Fred Reed’s latest column about how much the peoples of the USA hate each other but won’t separate is worth a gander.
I just want to add two quick thoughts as to why the Left and Right won’t quit each other.
For the Left, it’s the same reason a borderline personality disorder girlfriend won’t leave you, even though “I hate you!” comes out of her mouth on a daily basis (not that I would know from my own dating experience).
Just as that same girl, five minutes later, will plead “don’t leave me!” for all the talk the Left says about how conservatives are the problem in this country, they aren’t keen on setting up their own governments. Live and let live is not quite their actual motto.
Part of this has to do with the fact that, as General Jessup thought in A Few Good Men, the Left actually needs the Right. They don’t just need productive people who create surplus wealth to take and give to others. They also need people with differing values and political views to blame for when their own ideas, when implemented, turn into disasters.
This is why Calexit was and will always be nothing but talk. It’s akin to a child threatening to pack up their teddy bear and take their Linus-style blanket with them and leave home for good, forever….only to come back inside the house after walking to the end of the block and realizing everything that they would have to give up.
It’s why I suspect that, even when it comes more and more Hispanic, its people won’t want to leave the Union. Their parents and grandparents didn’t come to California just on the spur of the moment or or kicks.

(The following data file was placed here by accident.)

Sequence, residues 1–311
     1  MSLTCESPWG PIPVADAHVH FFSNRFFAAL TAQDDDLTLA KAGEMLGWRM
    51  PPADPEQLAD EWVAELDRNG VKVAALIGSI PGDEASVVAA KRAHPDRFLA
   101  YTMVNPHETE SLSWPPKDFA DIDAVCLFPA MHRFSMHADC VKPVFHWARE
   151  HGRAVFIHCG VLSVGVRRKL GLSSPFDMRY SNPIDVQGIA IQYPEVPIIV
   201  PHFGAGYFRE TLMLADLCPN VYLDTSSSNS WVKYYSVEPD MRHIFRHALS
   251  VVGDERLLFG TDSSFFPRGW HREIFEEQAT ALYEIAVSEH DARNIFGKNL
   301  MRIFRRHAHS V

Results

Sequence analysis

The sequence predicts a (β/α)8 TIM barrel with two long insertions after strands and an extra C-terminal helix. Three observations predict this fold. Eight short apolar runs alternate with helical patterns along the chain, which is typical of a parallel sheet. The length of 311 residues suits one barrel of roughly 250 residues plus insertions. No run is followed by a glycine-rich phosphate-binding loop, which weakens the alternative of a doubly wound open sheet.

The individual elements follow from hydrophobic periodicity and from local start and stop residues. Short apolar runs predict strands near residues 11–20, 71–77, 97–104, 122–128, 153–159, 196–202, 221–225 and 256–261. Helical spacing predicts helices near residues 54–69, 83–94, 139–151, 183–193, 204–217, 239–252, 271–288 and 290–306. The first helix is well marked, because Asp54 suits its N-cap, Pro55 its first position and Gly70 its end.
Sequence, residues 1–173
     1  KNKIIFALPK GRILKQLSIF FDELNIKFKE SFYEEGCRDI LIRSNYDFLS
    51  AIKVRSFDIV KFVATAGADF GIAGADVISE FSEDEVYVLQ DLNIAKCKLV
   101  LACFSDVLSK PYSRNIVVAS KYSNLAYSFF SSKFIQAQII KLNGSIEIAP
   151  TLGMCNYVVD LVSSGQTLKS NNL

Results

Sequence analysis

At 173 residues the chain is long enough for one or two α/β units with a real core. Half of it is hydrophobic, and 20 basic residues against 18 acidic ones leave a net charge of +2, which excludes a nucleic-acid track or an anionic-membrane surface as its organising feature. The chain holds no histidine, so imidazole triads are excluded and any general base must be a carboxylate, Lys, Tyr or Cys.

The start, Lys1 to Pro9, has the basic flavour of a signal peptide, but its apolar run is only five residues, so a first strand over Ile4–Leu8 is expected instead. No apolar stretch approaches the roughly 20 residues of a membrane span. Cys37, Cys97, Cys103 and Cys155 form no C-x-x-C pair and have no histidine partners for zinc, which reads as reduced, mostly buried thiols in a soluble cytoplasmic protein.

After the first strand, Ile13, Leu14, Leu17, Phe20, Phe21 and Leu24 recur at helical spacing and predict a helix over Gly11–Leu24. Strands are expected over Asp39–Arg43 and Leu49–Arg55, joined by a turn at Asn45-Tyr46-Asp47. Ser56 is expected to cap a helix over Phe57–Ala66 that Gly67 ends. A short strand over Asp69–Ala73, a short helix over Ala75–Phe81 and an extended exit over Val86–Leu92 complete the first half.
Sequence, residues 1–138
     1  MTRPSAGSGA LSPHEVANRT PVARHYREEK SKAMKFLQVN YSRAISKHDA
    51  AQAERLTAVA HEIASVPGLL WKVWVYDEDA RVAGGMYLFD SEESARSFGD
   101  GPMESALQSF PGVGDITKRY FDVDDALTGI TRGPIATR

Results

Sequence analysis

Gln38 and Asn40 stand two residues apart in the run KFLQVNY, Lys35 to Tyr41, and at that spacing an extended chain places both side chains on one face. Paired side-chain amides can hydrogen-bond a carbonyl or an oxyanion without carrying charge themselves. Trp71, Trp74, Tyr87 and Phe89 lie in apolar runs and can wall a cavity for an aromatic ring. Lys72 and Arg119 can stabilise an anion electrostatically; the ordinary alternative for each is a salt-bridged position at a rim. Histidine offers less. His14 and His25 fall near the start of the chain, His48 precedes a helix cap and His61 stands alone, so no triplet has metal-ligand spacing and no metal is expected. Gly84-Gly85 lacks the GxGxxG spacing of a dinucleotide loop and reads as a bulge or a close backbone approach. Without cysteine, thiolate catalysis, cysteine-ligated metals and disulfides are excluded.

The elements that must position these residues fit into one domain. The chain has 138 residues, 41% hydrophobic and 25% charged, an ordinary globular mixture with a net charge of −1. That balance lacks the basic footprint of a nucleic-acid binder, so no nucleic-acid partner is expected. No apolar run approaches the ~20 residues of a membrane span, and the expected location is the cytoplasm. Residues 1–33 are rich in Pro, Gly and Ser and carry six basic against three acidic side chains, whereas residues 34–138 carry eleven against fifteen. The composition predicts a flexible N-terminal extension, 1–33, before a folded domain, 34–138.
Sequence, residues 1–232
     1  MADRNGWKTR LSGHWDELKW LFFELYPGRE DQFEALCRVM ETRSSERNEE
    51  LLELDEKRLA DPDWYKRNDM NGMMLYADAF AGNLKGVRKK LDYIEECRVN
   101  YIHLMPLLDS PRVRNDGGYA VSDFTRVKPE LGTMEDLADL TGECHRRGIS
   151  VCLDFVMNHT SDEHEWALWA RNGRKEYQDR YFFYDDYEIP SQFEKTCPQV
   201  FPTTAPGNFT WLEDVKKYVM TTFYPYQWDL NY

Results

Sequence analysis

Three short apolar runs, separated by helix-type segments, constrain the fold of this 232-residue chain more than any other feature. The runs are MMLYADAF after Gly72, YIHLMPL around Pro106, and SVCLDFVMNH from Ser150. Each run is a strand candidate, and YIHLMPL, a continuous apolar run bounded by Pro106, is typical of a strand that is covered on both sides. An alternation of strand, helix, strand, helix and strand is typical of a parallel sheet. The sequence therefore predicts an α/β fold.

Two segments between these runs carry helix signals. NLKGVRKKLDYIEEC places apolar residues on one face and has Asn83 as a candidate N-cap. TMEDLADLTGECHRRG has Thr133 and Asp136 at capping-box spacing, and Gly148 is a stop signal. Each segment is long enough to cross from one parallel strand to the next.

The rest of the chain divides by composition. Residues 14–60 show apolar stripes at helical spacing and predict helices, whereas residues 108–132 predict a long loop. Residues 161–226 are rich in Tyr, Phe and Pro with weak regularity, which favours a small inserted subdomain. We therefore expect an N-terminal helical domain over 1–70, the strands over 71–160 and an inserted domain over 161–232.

As for the Right, they don’t want to separate for very different reasons. One is nostalgia. They still think of America as it was in another era – perhaps one that never actually existed. One Nation, Under God is their slogan.
Such nationalist rhetoric may offend the libertarian ear, but understand that this is because for many Americans, there is no other identity to cling to, which leads me to my next point.
Aside from ethnicity, Americans have no other identity.
Jack Donovan touched on this a while ago, but much of America is far too young to have their own distinct identity as a people. The South, New England, and perhaps Texas are exceptions (the latter having been its own nation for almost a decade). Those who live in Nevada, Oregon, Washington, or Idaho may identify with their home state in a cultural sense, but it is often vague and only skin-deep.
If the USA fell apart tomorrow, what would these people call themselves? How would they describe themselves to others? How would “we” be different from “them?”
At some point, all those questions would get answered. But it would be a process, and a struggle, few seem willing to undergo or even comprehend.
So onward we go, into the wild blue yonder of dysfunction.